pollution

Rhonda Miller / WKYU

The agency with a mission to control and reduce pollution in the Ohio River is considering lowering water quality standards. The mayor of one riverfront city is urging the agency to maintain pollution controls.

Courtesy John Blair / Valley Watch

Nearly two years after a state inspector discovered an arsenic-laced plume of coal ash seeping out of a landfill at a power plant in Western Kentucky, the state Energy and Environment Cabinet has negotiated a deal to clean up the pollution. But environmental activists are concerned the agreement lets the utility off too easy.

Matt Markgraf, WKMS

A commission that watches over the Ohio River's health across six states may give up setting pollution standards for the waterway, raising concerns it would weaken protections for a source of drinking water for 5 million people.

Ohio Valley Mushroom Farm

  Throughout coal mining country of the Eastern U.S. you will find streams that run a peculiar rusty orange. It’s the result of pollution called acid mine drainage, or AMD. It’s estimated that about 10,000 miles of streams are polluted by AMD in Pennsylvania and West Virginia alone. In fact, researchers have calculated that every second, coal mines throughout the region are pumping out about 3,000 cubic feet of AMD. That’s roughly equal to an average May day’s flow of water in the Monongahela River as it winds through the region.

Exposure to polluted air, water and soil caused nine million premature deaths in 2015, according to a report published Thursday in The Lancet.

The causes of death vary — cancer, lung disease, heart disease. The report links them to pollution, drawing upon previous studies that show how pollution is tied to a wider range of diseases than previously thought.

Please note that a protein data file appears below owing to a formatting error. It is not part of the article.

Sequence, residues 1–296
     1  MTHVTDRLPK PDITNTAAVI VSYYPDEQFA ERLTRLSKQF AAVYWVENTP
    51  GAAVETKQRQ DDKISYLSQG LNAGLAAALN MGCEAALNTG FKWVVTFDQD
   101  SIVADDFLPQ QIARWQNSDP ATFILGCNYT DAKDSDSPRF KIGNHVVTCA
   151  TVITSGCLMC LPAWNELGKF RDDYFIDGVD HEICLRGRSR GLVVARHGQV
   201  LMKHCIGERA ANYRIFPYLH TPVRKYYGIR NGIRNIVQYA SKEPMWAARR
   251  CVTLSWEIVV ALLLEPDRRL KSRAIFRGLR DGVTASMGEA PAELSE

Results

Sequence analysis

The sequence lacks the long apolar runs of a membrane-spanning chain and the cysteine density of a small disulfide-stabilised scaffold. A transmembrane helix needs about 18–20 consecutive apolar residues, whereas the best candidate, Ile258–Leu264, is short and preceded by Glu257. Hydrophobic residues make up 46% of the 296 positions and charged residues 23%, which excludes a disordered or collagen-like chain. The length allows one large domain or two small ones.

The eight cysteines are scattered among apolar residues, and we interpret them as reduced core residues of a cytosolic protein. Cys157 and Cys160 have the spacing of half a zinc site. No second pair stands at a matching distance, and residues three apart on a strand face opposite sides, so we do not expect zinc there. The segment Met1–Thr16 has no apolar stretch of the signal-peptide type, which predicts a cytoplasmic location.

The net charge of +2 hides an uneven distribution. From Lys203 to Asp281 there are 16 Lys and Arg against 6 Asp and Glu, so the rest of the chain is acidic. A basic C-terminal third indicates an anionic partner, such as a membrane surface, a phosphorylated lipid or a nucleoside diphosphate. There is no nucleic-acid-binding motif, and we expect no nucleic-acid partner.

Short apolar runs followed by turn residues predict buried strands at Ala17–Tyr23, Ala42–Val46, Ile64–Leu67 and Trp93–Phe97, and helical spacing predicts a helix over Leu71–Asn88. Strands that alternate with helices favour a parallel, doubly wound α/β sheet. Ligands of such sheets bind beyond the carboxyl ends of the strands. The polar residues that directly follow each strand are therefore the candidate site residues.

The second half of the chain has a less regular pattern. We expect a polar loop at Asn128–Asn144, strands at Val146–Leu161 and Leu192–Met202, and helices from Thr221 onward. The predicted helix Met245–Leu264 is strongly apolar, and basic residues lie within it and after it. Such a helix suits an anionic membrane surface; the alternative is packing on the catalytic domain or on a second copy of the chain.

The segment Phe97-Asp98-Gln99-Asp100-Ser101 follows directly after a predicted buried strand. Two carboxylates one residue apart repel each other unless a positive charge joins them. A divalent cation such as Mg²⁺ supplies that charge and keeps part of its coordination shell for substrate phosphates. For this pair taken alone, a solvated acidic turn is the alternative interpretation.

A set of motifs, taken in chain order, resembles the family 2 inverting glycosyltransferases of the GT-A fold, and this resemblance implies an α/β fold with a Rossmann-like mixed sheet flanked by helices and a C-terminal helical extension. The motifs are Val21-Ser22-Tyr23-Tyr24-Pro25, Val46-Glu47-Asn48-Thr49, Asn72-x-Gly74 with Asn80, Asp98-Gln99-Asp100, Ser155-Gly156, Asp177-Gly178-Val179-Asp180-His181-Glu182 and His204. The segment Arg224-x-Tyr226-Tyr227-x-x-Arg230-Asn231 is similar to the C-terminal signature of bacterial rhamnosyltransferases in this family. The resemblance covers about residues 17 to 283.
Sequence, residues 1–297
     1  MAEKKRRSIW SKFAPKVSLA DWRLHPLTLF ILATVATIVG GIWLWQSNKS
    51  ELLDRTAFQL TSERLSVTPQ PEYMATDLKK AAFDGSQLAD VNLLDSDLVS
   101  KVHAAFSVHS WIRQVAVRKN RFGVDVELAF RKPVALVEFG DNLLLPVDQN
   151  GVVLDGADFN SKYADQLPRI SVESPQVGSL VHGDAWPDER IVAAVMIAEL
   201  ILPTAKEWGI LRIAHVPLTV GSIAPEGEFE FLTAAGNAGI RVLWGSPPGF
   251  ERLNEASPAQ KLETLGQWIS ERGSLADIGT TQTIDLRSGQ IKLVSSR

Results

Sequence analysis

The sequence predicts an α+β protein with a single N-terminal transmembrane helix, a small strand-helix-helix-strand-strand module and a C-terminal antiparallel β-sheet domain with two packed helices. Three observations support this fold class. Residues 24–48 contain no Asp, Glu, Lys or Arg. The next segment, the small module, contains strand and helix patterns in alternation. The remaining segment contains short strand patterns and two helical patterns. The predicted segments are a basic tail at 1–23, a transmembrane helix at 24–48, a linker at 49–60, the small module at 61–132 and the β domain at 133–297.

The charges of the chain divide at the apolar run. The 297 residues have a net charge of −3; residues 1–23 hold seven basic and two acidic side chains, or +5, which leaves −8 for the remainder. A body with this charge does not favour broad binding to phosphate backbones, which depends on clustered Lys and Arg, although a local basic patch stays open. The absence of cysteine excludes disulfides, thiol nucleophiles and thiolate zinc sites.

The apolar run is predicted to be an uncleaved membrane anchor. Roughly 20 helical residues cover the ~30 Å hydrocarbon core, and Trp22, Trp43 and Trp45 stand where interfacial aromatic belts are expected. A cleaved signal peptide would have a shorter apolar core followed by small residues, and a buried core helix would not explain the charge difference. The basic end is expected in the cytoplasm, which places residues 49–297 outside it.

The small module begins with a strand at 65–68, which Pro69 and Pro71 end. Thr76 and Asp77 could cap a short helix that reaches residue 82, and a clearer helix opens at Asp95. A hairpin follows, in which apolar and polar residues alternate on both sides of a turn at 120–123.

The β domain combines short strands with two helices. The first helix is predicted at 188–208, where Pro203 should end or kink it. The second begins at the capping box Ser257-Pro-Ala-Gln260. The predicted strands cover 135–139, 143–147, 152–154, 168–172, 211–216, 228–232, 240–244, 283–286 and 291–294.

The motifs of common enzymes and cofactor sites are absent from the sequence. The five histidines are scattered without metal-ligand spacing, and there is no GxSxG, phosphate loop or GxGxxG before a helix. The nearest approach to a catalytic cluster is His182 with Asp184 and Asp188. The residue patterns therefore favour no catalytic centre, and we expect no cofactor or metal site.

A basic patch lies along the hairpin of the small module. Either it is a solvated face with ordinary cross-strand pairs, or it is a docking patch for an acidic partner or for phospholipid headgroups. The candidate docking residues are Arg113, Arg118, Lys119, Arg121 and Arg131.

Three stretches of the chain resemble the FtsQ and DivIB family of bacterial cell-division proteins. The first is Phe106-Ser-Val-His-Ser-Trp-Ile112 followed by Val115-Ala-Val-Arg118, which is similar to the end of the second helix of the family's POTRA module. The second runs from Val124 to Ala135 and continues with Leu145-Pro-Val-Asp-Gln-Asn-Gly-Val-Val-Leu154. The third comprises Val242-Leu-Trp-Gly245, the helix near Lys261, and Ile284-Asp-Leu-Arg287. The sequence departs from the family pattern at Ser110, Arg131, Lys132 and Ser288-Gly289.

For 51 years, a small federal program has been paying scientists to keep American waterways healthy. It's called Sea Grant — part of the National Oceanic and Atmospheric Administration — and President Donald Trump"s proposed budget for next year would eliminate it.

Dave Mistich, WVPB

For more than half a century along the Ohio River, the chemical company DuPont provided jobs for thousands of people. One chemical they produced is PFOA, commonly known as C8. It was a remarkably useful compound, used in “Teflon” non-stick cookware, stain-resistant fabrics, and even in some food wrappers.

Department of Energy

The US Department of Energy says its marking completion of the first phase of an ongoing project to remove groundwater contaminants at the Paducah Gaseous Diffusion Plant.  

Matt Markgraf, WKMS

Grant funds for projects that clean up polluted streams, rivers, lakes and groundwater or protect water resources are available from the Kentucky Department for Environmental Protection’s Division of Water. The grants would provide funding for watershed restoration projects and plan development and projects reducing and preventing runoff pollution.

Meat has a greater impact on the environment than pretty much any other food we eat. As The Salt has reported, billions of cows, pigs, sheep and poultry we raise as livestock guzzle massive quantities of water and generate at least 10 percent of the total greenhouse gases attributed to human activity.

But scientists say we've been slow to acknowledge yet another side effect of our taste for meat: nitrogen pollution.

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